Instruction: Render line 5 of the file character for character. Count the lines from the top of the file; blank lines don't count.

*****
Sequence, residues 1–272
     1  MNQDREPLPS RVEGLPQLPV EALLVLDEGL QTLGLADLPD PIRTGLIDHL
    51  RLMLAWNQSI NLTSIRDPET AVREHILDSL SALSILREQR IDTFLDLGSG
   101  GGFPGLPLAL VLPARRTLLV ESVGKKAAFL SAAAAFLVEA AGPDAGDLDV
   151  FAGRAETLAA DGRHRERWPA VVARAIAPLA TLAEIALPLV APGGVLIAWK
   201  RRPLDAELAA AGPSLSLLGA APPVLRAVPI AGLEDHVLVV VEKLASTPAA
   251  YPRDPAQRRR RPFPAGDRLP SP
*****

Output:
   151  FAGRAETLAA DGRHRERWPA VVARAIAPLA TLAEIALPLV APGGVLIAWK